Yes, like many things it can have positives, but the many wives today that are finding themselves married to gaming addicts probably are not seeing the benefit first hand.

To the OP you’ve let it in the door. Kicking it out is not going to be easy, so probably making reasonable limits is a much better way to go. Don’t give them a free for all all weekend though. Make it a very set limit and stick to it.

To Catholic90, there are many schools that will not allow 5th graders to do internet based research papers. They prefer to make sure the students have down traditional research before embarking into the internet world, where cut and paste is easier done than often realized.

My children have started internet research papers in grade 7. Even then they were usually required to have non-internet sources as well.


#29

Video game addiction is a serious problem with today's youth. I would cut them off.


#30

[quote="Catholic90, post:22, topic:225287"]
No offense, but you sound very controlling. I've seen very little good come from kids who have been so controlled into their teen years. Major rebellion coming your way.

[/quote]

I think you shouldn't draw conclusions based on your own, obviously very smart and focused sons. Some teens can balance out video games and not become addicted to them. Some have trouble doing schoolwork when the lure of the video game is always beckoning. Some can time-manage so that the video games, FB, etc. come AFTER their schoolwork and after other important things such as work and sports, friends, etc. Some become consumed. Some waste a LOT of time goofing around, and they are usually the kids who can't really afford to goof around because their grades may not be so hot in the first place.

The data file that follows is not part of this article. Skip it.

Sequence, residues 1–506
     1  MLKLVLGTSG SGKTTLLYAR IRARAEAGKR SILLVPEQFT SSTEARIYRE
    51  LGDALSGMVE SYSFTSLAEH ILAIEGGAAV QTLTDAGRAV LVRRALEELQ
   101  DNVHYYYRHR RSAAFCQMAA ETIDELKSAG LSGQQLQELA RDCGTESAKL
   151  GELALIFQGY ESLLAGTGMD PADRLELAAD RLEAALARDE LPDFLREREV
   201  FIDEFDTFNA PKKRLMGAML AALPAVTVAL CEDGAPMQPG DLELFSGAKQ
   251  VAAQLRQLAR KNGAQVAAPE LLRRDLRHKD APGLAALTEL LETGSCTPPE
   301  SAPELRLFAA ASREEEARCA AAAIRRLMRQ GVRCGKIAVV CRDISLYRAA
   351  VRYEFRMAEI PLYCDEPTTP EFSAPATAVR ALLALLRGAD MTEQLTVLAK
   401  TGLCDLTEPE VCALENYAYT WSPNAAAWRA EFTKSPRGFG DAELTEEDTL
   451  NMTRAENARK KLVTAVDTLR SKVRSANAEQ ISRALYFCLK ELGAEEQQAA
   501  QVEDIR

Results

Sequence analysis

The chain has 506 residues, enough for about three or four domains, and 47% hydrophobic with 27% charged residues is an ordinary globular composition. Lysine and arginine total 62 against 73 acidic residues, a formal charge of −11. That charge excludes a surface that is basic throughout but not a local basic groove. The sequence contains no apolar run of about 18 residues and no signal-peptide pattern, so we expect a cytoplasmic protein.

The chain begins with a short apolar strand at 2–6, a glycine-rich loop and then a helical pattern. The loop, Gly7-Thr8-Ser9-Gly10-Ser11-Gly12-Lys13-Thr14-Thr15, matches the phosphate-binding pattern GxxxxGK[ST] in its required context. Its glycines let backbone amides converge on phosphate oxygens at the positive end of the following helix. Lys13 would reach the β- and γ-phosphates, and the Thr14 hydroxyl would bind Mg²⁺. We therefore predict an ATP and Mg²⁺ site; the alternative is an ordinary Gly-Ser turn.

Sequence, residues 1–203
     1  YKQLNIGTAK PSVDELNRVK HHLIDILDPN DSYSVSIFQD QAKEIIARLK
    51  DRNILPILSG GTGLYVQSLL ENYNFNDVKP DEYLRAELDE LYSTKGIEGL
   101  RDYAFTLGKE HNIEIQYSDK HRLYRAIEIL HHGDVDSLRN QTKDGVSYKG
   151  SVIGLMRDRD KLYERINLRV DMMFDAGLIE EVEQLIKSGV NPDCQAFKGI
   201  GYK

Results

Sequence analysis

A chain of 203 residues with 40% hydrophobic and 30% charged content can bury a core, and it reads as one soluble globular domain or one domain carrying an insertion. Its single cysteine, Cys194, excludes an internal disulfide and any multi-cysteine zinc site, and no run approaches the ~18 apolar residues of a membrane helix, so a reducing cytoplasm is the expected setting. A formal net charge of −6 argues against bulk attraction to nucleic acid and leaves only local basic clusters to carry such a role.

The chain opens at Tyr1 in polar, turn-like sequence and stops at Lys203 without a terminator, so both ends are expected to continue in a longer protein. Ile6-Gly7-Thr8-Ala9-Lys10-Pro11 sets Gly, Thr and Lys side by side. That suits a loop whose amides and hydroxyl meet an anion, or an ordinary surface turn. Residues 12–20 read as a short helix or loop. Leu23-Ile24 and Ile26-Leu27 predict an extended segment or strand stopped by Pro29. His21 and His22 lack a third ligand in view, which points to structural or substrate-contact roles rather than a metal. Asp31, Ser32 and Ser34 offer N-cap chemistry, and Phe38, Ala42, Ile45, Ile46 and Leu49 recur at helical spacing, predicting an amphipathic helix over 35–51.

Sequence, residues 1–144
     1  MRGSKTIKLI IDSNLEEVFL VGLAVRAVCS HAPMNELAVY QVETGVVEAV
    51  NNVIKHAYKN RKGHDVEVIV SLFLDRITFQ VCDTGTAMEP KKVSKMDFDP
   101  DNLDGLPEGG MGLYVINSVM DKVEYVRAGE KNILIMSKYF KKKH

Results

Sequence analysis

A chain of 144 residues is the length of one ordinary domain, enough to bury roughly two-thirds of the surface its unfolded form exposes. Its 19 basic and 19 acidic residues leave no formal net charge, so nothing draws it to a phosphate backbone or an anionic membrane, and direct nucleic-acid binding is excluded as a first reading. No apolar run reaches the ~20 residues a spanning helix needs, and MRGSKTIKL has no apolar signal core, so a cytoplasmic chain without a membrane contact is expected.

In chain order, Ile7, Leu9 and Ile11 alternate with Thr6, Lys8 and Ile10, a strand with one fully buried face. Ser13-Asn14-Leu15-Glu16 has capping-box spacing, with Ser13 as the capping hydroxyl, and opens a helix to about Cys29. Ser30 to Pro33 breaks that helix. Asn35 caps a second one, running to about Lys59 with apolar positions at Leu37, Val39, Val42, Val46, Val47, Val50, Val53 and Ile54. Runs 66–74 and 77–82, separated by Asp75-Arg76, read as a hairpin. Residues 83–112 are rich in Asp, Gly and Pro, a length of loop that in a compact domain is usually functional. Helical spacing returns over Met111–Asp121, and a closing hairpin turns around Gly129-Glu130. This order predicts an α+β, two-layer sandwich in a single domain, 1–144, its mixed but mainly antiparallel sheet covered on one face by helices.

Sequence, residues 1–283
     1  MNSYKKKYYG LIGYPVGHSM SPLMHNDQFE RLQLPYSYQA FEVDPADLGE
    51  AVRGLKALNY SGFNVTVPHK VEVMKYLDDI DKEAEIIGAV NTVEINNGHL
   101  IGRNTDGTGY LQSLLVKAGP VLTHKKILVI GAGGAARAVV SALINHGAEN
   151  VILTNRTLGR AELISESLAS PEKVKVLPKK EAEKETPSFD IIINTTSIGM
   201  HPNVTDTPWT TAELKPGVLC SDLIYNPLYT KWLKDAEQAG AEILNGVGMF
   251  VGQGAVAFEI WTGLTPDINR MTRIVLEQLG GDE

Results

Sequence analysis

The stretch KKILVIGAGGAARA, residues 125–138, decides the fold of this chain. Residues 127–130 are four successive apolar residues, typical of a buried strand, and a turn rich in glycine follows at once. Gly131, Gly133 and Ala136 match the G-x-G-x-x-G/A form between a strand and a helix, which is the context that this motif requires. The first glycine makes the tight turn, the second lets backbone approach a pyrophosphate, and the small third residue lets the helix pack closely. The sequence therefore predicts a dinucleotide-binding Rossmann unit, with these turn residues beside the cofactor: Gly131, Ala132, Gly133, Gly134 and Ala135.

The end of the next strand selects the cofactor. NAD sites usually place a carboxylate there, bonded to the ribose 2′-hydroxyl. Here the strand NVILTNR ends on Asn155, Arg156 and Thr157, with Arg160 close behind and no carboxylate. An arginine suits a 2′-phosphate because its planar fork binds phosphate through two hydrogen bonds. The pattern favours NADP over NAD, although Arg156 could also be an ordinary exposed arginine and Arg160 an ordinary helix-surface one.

I have one of each, although even the older son, who is studying aerospace engineering, spends a little too much time playing an online FPS game for my liking. It's evidently VERY addictive because he's been playing it with dedication since the day his friend showed it to him. It's not realistic at all, which is good because I don't like the violent games and never have. But back to the subject, our younger son should be spending more time on his studies especially on the weekends but he wants to play this game with his brother more than that. It's very frustrating but since I lost the battle on electronics 5 years ago now, it's really too late for me to jump back in and restrict the younger son. The older one still makes almost a 4.0 but it's not possible for his brother to do that without a great deal of effort (ADHD) and focus.

So long story short, with some kids, playing video games is not a problem, but with some, maybe even most, it can be. I think the OP does need to find a comfort level for his family and not just let the entire camel into the tent just because the nose is already in. Being in a place of leadership with his family does not necessarily mean that his children will rebel, and predicting that is rather negative.


#31

[quote="heart4home, post:28, topic:225287"]
To Catholic90, there are many schools that will not allow 5th graders to do internet based research papers. They prefer to make sure the students have down traditional research before embarking into the internet world, where cut and paste is easier done than often realized.

That may be so. Our school is a Blue Ribbon School. We do not allow cut and paste, as that is plagiarizing, and any student plagiarizing receives a 0. We spend a lot of time discussing plagiarizing, and how it is stealing, which is a sin (we are a Catholic school, so we can bring that aspect in). At my son's high school, every paper must be submitted via "turnitin.com" which scours the papers for plagiarizing.

My children have started internet research papers in grade 7. Even then they were usually required to have non-internet sources as well.

We require 2 non-Internet sources, and 2 Internet sources. They must print out the sources so we can see exactly what they are using. Then they must use MLA citation as well.

[/quote]


#32